[Humanist] 23.50 automata and distraction

Humanist Discussion Group willard.mccarty at mccarty.org.uk
Fri May 29 07:18:12 CEST 2009


                  Humanist Discussion Group, Vol. 23, No. 50.
         Centre for Computing in the Humanities, King's College London
                       www.digitalhumanities.org/humanist
                Submit to: humanist at lists.digitalhumanities.org

  [1]   From:    renata lemos <renata.lemoz at eletrocooperativa.org>         (28)
        Subject: in defense of distraction

  [2]   From:    "Sharon K. Goetz" <skg046 at fastmail.fm>                     (9)
        Subject: more on automata


--[1]------------------------------------------------------------------------
        Date: Thu, 28 May 2009 13:28:49 -0300
        From: renata lemos <renata.lemoz at eletrocooperativa.org>
        Subject: in defense of distraction


In Defense of DistractionTwitter, Adderall, lifehacking, mindful jogging,
power browsing, Obama’s BlackBerry, and the benefits of overstimulation.

   - By Sam Anderson  http://nymag.com/nymag/sam-anderson

http://nymag.com/news/features/56793/

I. The Poverty of Attention

I’m going to pause here, right at the beginning of my riveting article about
attention, and ask you to please get all of your precious 21st-century
distractions out of your system now. Check the score of the Mets game; text
your sister that pun you just thought of about her roommate’s new pet lizard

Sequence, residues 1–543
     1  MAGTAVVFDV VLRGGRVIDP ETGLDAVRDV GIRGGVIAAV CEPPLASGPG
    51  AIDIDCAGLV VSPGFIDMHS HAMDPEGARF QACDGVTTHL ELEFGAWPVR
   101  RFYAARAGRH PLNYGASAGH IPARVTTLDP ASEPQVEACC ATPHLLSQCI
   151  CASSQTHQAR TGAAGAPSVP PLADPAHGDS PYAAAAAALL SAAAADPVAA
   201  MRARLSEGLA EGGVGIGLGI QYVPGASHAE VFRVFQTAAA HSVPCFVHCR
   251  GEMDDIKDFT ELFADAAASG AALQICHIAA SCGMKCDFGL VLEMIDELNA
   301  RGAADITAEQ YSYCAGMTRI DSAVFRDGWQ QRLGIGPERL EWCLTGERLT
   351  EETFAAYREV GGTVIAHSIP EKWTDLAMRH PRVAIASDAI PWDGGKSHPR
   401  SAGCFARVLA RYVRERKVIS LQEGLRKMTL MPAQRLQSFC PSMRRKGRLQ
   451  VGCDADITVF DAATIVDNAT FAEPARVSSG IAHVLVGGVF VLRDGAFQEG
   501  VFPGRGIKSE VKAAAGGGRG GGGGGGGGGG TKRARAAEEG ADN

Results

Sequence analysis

(“iguana hold yr hand LOL get it like Beatles”); refresh your work e-mail,
your home e-mail, your school e-mail; upload pictures of yourself reading
this paragraph to your “me reading magazine articles” Flickr photostream;
and alert the fellow citizens of whatever Twittertopia you happen to
frequent that you will be suspending your digital presence for the next
twenty minutes or so (I know that seems drastic: Tell them you’re having an
appendectomy or something and are about to lose consciousness). Good. Now:
Count your breaths. Close your eyes. Do whatever it takes to get all of your
neurons lined up in one direction. Above all, resist the urge to fixate on
the picture, right over there, of that weird scrambled guy typing. Do not
speculate on his ethnicity (German-Venezuelan?) or his backstory (Witness
Protection Program?) or the size of his monitor. Go ahead and cover him with
your hand if you need to. There. Doesn’t that feel better? Now it’s just you
and me, tucked like fourteenth-century Zen masters into this sweet little
nook of pure mental focus. (Seriously, stop looking at him. I’m over here.)
-- 
renata lemos
http://www.eletrocooperativa.org
http://liquidoespaco.wordpress.com/



--[2]------------------------------------------------------------------------
        Date: Thu, 28 May 2009 10:24:33 -0700 (Pacific Daylight Time)
        From: "Sharon K. Goetz" <skg046 at fastmail.fm>
        Subject: more on automata
        In-Reply-To: <20090528052000.D26AA94FC at woodward.joyent.us>

Richard Garriott, probably best known for designing and publishing the
Ultima computer games, has a collection of automata; the gaming blog
Kotaku has a few pictures:

http://kotaku.com/5271603/the-many-automata-of-richard-garriott/gallery

I'm not convinced that each of the figures shown count as "automata" in
the senses recently discussed on Humanist, but the pictures may be of
interest nevertheless.

Best,
Sharon Goetz





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